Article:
On 18 and 19 February 2018, the President of the Russian State Duma, Vyacheslav Volodin, visited his Swiss counterparts in the National Council and Council of States with a delegation of high-ranking representatives of the Duma and regional representatives.
The President of the Swiss National Council, Dominique de Buman, welcomed the delegation at the Federal Palace. The President of the National Council was accompanied by Marina Carobbio-Guscetti, First Vice-President of the National Council, Elisabeth Schneider-Schneiter, President of the Foreign Affairs Committees (FAC) of the National Council, Filippo Lombardi, President of the Foreign Affairs Committees (FAC) of the Council of States and President of the Delegation to the Council of Europe, and National Councillor Margret Kiener-Nellen, President of the OSCE Delegation. In May 2017, the then President of the National Council, Jürg Stahl, had already travelled to Moscow and St. Petersburg for one week with a delegation of Swiss National Council representatives from all political parties (see Current Concerns No 12 from 30 May 2017 [https://www.zeit-fragen.ch/en/editions/2017/no-12-29-mai-2017/dialogue-au-lieu-de-confrontation-la-suisse-donne-lexample.html]). It was the first visit to Russia by federal officials since the beginning of the Ukrainian crisis in spring 2014.
The return visit is a continuation of Switzerland’s independent path as a neutral state. The Chairperson of the Russian Federation Council, Valentina Matviyenko, was already on a visit to Berne in October 2016 (see Current Concerns No 25 from 14 November 2016 [https://www.zeit-fragen.ch/en/numbers/2016/no-25-14-november-2016/official-visit-from-russia-in-switzerland.html]).
Also with this visit from Russia it was said to be abused for PR purposes. By contrast, Swiss government officials made clear that it was important to advance the stagnant dialogue on the Ukrainian conflict. Vyacheslav Volodin, Chairman of the Russian State Duma, is under both US and EU sanctions. He is barred from travelling to any EU country and his assets in the EU countries have been frozen. From 2011 to 2016, he was Putin’s first deputy chief of staff.
Filippo Lombardi, President of the Switzerland-Russia interparliamentary group, however, said that Switzerland has its traditional “neutral role”. “We have managed to reduce the factors of conflict and bring down the fighting,” he said, according to the Russian news agency TASS. “I think that is the role Switzerland should play, and the Swiss parliament should do the same at its own level.”
The president of the National Council, Dominique de Buman, stressed the independence of Swiss economic policy, which does not simply follow the application of the EU sanctions against Russia. According to Volodin, the economic sanctions should not have had a negative impact on Switzerland, on the contrary: in the past twelve months alone, the Swiss-Russian trade volume has grown by 20 per cent (sda from 19 February 2018).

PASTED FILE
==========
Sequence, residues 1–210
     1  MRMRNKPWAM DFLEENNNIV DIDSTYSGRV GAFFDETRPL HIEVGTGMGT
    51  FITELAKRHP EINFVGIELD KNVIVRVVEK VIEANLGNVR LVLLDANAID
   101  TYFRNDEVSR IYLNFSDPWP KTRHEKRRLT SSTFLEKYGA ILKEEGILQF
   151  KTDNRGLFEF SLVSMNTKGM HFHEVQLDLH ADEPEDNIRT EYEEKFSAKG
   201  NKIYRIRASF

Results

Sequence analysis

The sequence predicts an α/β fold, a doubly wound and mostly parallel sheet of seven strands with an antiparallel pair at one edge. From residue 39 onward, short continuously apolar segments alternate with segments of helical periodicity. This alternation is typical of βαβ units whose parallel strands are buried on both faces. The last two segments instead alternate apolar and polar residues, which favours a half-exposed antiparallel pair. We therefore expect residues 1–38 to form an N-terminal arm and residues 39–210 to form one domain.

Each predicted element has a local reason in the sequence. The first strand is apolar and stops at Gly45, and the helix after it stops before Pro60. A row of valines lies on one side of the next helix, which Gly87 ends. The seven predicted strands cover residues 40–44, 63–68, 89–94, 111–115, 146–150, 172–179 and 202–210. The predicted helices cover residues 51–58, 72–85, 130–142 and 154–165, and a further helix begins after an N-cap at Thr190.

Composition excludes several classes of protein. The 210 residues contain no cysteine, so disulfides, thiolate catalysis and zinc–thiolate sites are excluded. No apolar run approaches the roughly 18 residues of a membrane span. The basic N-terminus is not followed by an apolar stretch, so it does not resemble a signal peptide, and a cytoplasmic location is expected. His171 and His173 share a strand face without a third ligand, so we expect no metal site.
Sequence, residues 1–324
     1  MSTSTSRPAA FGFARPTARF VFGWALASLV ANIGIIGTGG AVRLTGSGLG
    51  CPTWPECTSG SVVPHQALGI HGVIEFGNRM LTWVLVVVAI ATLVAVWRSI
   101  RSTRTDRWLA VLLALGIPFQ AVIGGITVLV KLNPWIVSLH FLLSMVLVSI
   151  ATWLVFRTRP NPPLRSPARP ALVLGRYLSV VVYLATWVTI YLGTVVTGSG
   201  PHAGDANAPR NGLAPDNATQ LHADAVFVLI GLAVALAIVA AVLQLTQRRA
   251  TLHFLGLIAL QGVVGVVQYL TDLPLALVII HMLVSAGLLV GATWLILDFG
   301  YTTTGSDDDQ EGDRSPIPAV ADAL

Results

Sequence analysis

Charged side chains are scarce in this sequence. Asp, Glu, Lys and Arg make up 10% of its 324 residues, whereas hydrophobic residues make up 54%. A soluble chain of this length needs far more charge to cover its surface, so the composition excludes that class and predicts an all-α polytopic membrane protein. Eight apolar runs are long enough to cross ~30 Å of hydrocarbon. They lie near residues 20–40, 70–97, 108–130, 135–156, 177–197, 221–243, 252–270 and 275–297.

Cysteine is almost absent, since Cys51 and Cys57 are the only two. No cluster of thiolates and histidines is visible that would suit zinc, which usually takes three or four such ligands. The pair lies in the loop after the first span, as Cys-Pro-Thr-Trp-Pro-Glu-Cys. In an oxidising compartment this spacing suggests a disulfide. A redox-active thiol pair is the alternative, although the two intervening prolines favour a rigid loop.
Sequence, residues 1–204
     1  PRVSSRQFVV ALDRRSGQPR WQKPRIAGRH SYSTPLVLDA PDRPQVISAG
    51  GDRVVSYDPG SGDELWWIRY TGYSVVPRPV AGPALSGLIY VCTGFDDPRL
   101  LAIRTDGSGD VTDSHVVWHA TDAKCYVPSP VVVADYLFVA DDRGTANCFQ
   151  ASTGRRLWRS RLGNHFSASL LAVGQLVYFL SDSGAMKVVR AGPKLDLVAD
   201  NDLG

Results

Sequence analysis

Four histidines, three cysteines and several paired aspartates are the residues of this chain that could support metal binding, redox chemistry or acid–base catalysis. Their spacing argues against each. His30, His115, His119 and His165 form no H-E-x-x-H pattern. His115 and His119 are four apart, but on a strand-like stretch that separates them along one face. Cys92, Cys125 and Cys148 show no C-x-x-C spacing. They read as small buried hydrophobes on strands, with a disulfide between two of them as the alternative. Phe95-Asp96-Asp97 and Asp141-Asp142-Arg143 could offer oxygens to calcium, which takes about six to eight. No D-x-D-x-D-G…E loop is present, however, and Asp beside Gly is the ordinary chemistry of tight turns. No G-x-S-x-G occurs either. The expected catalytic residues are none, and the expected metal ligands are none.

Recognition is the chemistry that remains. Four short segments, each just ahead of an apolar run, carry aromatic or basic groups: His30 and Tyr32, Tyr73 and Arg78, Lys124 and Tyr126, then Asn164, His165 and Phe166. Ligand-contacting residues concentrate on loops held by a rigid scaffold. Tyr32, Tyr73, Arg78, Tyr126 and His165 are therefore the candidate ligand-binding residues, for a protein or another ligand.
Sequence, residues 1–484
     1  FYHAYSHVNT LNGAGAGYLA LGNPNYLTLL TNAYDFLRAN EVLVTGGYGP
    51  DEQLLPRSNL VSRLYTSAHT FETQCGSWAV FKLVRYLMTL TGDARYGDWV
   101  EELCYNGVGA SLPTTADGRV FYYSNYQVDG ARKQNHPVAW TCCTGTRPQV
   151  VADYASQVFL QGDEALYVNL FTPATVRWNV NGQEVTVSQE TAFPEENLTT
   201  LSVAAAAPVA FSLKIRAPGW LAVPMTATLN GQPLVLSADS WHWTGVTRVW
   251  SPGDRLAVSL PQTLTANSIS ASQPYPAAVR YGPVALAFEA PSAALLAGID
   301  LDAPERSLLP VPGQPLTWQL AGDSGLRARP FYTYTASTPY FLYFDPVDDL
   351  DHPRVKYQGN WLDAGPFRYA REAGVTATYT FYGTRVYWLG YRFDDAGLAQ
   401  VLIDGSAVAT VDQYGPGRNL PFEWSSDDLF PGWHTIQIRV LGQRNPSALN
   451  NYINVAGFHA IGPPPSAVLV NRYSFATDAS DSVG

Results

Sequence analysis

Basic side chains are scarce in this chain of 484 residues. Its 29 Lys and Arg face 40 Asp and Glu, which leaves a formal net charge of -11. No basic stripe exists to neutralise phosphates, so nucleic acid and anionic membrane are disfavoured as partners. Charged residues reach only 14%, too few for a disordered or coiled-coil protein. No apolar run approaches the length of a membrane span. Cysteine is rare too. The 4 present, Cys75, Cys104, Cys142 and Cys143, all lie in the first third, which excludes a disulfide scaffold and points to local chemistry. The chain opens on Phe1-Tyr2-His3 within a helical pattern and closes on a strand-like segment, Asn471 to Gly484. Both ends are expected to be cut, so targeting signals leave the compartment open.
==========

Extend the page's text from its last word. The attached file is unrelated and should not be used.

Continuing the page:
Volodin lauded Switzerland’s more flexible attitude compared to the EU. In an interview with the Swiss TV RTS he added: “The time for such sanctions will soon be over […]. Sanctions are a dead-end strategy, one that we do not support, and I don’t think Switzerland supports either.” Volodin strongly criticised the EU sanctions and the anti-Russia campaign by the US.
With regard to the Ukrainian crisis, Dominique de Buman stressed that Switzerland did not want to interfere, but offered its good offices to mediate. Opening and peace is the maxim of his country.
On Monday, according to TASS, National Councillor Elisabeth Schneider-Schneiter said: “I believe everything must be done to see them [Russia’s powers in PACE] reinstated.” As a member of the Parliamentary Assembly, she was always against having Russia stripped of its powers. She reiterated that under Swiss tradition everyone must have a possibility to have their say. “From the very start, the idea of the Council of Europe was in having all parties at the table, with none of the parties excluded.” Dominique de Buman had already assured that Switzerland will try to settle this problem within the framework of the Council of Europe. In April 2014, the Russian delegation was denied the right to vote and to take part in the activities of PACE’s governing bodies and election monitoring missions. The reason given was the Ukrainian crisis and Crimea. The Russian delegation in response had decided not to attend PACE sessions on these provisions.
Switzerland will send two Swiss parliamentarians as observers in the Russian presidential election on 18 March, as de Buman and Volodin announced before the media.
At the end of the visit, Duma chairman Volodin made a courtesy visit to Federal Councillor Ignazio Cassis, head of the Federal Department of Foreign Affairs. •
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